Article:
Whether it’s paleo, keto, or intermittent fasting, new diets seem to hit the market on a weekly basis making it hard to keep up with the latest trend. What if you were told to abandon the idea of dieting altogether and go back to the way you ate as a baby? It used to be simple, you ate when you were hungry and stopped when you were full. You were a natural at intuitive eating. Why is eating no longer so easy? Unfortunately, over time the diet mentality has likely interfered with your natural ability to eat intuitively.
Luckily, a movement is gaining momentum, helping bring that intuitive eating voice back to the forefront. While the term intuitive eating may be unfamiliar to you, it isn’t a new concept. In fact, it has been around since 1995 when Elyse Resch and Evelyn Tribole, both dietitians, published their first book on the topic. The intuitive eating philosophy focuses on following the body’s internal cues over external rules and regulation when it comes to deciding what, when, and how much to eat.
Much of intuitive eating’s current popularity has to do with the idea that fad diets are not working for most people. Not only do most followers of the latest and craziest diets fail at achieving long-term weight loss, they also may be doing their bodies more harm than good when it comes to the physical impact of yo-yo dieting and the emotional stress that typically accompanies a restrictive diet mindset.
Intuitive eating is composed of 10 core principles that serve as a guide on your journey to a healthier relationship with food, your mind, and body.
1. Reject the diet mentality
Without rejecting diet mentality, other principles become harder to adopt. Toss out diet books and magazines and unfollow social media accounts that make unrealistic promises about rapid weight loss and assign food rules that rigidly restrict your eating.
2. Discover the satisfaction factor
Discovering satisfaction is the most important principle in that it informs your ability to honor hunger and fullness. It is about finding pleasure and enjoyment in the foods you eat by noticing and appreciating the texture, taste, and appearance. If eating leaves you unsatisfied, you will likely keep looking for more.
3. Honor your hunger
Counting calories and restricting portions to the point of deprivation can ultimately trigger overeating. Instead, pay attention to and put trust in your body’s biological hunger cues, which may include a growling or empty feeling in your stomach.
4. Feel your fullness
Likewise, although it may be difficult in today’s busy culture, pause and take note of signs that you are comfortably full. That’s not to say that there won’t be times when you will eat when you are not hungry and go beyond the point of feeling full; have self-compassion.
5. Make peace with food
Give yourself unconditional permission to eat and allow all foods to fit within your eating plan. When foods are made off limits you can begin to crave them uncontrollably and get trapped in a vicious cycle of restriction, overeating, and feelings of guilt.
6. Challenge the food police
Confront the voices in your head or people in your lives that label you as being “good” for eating a salad or “bad” for having dessert. Different foods have different nutritional benefits but are emotionally equivalent.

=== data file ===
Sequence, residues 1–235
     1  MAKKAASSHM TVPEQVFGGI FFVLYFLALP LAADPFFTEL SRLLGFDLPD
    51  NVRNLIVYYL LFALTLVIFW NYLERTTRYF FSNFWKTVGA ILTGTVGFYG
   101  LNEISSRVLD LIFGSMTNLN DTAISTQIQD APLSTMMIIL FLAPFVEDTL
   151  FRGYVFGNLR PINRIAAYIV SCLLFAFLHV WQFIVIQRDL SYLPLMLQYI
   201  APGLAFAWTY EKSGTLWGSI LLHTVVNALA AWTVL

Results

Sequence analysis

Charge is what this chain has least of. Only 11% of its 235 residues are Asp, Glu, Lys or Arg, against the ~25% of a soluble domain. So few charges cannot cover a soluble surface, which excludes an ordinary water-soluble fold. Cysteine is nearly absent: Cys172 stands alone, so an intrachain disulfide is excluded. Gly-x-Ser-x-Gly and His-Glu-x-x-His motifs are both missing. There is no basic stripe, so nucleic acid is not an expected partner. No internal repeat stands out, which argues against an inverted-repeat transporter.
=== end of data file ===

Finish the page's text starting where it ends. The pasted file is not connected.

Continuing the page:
7. Cope with your emotions with kindness
While we all may turn to food for comfort on occasion to soothe anger, anxiety, boredom, or loneliness, food won’t fix these feelings in the long run. Try other coping mechanisms such as taking a walk in nature, calling a friend, reading a book, or finding a quiet place to meditate.
8. Respect your body
We are so quick to criticize our bodies. In the intuitive eating mindset, part of rejecting diet mentality is accepting the body you were meant to have and letting go of unrealistic expectations for its shape and size.
9. Movement — feel the difference
Instead of focusing on the calorie burn factor, find an activity that you will enjoy doing on a regular basis and embrace the benefits of improved sleep, increased energy, and enhanced mood.
10. Honor your health — gentle nutrition
Eating intuitively can still mean choosing more fruits, vegetables, and whole grains than desserts but it doesn’t mean you have to eat perfectly to be healthy or feel guilty for choosing one over the other. No one food or eating experience has the power to define your health or lack thereof.
If weight loss is your ultimate goal, the intuitive eating framework may not be right for you. The goal of intuitive eating is not weight loss but rather well-being. This anti-diet way of eating requires a shift in your mindset that might be unsettling at first and might take time for you to adopt. However, if you’re looking to trust your body, heal your relationship with food, and ease your stress around eating, this mindset might be right for you. To find out more about intuitive eating, check out Resch and Tribole’s book, “Intuitive Eating: An Anti-Diet Revolutionary Approach”; the fourth edition will be released in June 2020.
Sarah Curran is the Family & Community Health Sciences Program Associate for Rutgers Cooperative Extension of Warren County. She can be reached at 908-475-6504 or by email at email@example.com.